Director Panos Cosmatos demonstrated his bravery with his latest film, “Mandy,” perhaps the most psychedelic, phantasmagoric two hours you will ever spend in a theater. It is relentless, off-putting and absurd. Despite the bizarre nature of his vision, Cosmatos was not deterred from making “Mandy.” The result is a bold, brash film that strings the audience along on a ride to an unknown destination. And while it doesn’t work as a coherent movie, it is certainly a sight to behold.
Set in 1983, “Mandy” introduces the audience to a couple who is deeply in love, lumberjack Red Miller (Nicolas Cage) and artist Mandy Bloom (Andrea Riseborough). They live a tranquil and secluded life in the woods until the leader of a cult of — in Red’s words — “Jesus freaks” decides he cannot be without Mandy, and enlists some hell-sent demons to abduct her and bring her to him. Despite being drugged, Mandy refuses to be seduced by the cult leader, Jeremiah Sand (Linus Roache), and laughs at his attempt to woo her. In retribution, Jeremiah and his followers burn her alive and force her husband to watch. Red is understandably devastated, and seeks vengeance against those who snatched his love away from him. What follows is a straightforward revenge plot that doesn’t pull any punches and draws a lot of blood.
Despite a fairly uncomplicated storyline, “Mandy” is rather confusing to watch. It is frequently interspersed with sequences in which it is unclear whether what is on screen is a dream or reality, and it heavily utilizes strange and abrupt cuts that are jarring and disorienting. Additionally, major plot points, such as how Red just happens to be a skilled fighter and welder, are left unexplained. The narrative also relies on the audience’s investment in Red’s vengeance, but since his relationship with Mandy is only relegated to a few minutes of exposition, it is difficult to care very much about whether or not he succeeds.
Where the film truly shines is in its technical aspects, namely its visuals and sound design. Each frame is overflowing with swirling colors and pulsating lights. In every one of the film’s many brutal action sequences, the camera does not shy away from the violence, instead zooming closer so that every last gory detail can be seen in claustrophobically close proximity. Each on-screen movement is slightly delayed, creating blurry after-images that add to the film’s eerie mood. Johann Johannsson’s pounding, electronic score is perhaps the film’s most effective method of building tension and establishing an atmosphere of dread, and the editing done to the vocals of each character (particularly the lowering of Cage’s voice to sound more and more demonic as the film goes on) is a stand-out. “Mandy” is a sensory spectacle, to say the least.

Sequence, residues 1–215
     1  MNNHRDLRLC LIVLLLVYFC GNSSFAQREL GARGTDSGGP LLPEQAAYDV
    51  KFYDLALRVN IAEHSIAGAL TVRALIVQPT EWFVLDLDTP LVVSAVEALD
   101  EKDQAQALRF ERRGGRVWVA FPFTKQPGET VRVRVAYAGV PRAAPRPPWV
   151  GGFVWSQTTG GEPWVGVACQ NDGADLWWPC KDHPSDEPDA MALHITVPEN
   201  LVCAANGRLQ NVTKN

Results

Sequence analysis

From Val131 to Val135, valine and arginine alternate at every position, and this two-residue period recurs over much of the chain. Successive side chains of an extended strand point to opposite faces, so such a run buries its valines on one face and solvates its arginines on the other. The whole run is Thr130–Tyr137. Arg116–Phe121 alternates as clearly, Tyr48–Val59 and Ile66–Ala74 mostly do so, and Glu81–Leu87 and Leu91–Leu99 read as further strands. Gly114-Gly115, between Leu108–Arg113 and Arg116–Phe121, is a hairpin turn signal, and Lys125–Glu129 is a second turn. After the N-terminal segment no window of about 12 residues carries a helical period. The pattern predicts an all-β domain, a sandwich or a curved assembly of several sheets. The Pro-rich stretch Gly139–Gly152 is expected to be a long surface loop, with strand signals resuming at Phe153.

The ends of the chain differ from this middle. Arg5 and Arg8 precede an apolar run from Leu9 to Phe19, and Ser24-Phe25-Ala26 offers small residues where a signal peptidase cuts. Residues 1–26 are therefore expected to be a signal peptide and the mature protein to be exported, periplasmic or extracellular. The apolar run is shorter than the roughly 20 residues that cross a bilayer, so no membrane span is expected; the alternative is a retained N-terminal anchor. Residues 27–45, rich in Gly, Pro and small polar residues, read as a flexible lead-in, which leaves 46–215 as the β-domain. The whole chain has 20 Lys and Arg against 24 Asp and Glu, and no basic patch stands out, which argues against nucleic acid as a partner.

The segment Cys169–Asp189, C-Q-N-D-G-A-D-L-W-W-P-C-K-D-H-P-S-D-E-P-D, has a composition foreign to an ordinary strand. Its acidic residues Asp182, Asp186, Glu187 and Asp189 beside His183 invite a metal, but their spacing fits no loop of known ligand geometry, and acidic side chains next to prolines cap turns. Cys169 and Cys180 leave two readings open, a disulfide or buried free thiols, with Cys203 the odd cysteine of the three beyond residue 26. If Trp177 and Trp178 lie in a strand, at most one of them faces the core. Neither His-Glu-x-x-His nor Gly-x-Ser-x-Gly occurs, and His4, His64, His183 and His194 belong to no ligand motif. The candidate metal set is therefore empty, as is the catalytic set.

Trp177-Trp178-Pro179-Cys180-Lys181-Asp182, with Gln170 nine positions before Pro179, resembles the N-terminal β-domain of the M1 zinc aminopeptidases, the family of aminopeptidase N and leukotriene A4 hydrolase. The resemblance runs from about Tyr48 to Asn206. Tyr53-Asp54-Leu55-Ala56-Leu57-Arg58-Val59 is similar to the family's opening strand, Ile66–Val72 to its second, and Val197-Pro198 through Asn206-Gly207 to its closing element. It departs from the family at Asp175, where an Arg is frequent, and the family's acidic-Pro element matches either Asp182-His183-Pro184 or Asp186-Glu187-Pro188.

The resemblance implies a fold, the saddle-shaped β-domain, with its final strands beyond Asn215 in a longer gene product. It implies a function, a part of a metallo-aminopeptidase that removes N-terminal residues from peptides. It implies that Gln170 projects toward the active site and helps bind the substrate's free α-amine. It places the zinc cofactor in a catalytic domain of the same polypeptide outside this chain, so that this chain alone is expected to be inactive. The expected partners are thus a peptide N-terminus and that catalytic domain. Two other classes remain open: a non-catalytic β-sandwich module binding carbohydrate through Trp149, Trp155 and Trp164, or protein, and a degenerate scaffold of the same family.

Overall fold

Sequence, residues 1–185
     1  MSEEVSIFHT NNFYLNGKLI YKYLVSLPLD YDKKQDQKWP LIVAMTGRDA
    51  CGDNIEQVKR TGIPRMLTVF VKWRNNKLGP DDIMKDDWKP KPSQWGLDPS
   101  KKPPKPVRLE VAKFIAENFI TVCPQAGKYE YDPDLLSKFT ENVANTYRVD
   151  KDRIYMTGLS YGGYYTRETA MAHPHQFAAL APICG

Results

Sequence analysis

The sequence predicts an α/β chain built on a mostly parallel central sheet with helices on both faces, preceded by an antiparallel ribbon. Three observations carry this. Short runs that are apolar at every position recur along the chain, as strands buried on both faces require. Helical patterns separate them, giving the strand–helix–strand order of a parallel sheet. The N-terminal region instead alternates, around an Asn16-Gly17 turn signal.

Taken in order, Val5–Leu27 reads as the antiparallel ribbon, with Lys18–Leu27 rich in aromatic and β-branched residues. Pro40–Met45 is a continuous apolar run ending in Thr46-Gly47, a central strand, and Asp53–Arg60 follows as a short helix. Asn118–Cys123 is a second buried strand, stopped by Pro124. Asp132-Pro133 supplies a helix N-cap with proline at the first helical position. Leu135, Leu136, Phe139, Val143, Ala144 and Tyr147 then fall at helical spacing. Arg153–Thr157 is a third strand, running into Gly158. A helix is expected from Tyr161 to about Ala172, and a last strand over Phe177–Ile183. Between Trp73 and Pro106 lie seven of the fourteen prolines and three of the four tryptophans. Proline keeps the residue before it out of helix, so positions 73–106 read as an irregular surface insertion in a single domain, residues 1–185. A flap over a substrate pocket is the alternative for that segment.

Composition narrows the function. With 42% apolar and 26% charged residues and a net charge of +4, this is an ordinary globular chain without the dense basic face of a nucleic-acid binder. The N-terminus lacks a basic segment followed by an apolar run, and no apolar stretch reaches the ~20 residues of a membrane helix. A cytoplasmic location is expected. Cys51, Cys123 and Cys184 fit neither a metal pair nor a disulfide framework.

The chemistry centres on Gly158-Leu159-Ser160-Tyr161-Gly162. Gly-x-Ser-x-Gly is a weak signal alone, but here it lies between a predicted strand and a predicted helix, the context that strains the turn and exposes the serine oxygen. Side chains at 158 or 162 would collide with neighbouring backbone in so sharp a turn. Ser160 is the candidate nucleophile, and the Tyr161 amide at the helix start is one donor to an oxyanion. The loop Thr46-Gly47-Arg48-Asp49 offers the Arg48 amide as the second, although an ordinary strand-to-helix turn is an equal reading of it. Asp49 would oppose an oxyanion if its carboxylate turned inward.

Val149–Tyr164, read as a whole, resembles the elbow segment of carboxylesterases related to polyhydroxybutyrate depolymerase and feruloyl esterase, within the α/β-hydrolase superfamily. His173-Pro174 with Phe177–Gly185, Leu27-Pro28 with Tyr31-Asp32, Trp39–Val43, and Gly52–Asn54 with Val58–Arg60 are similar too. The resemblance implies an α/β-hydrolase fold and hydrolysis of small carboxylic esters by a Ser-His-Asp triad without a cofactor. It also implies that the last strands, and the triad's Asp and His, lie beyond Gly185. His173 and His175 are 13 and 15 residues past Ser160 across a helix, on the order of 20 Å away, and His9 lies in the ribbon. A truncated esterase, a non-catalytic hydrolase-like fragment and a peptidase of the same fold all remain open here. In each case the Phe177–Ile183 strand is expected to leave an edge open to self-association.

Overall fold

For a film with such originality, its narrative is sorely lacking. The writing, for example, is quite cliched. In the beginning of the film, when Red comes home, Mandy exclaims “You scared me!” — a banal line that foreshadows the true terror that awaits her. Every line that leaves Jeremiah’s mouth is intended to sound prophetic, but has definitely been heard before, from his delusions of grandeur and divinity to his claims of the cleansing power of fire as he sets Mandy ablaze. The performances are similarly corny and over-the-top, which can make certain serious scenes seem rather funny; one scene with Cage after Mandy’s death had the entire audience in stitches.
When viewed as a whole, “Mandy” is all about style over substance. Its fairly basic narrative, muddled storytelling and plot holes make it difficult to appreciate the film as a coherent work, but its stunning cinematography and captivating sound design are undeniable. And while at this point the revenge tale is rather overdone, it does make for a bloody and, at times, fun viewing experience. If you’re looking for a film with a lot to say, don’t see “Mandy.” But if you’re looking for a bizarre, gory extravaganza, look no further.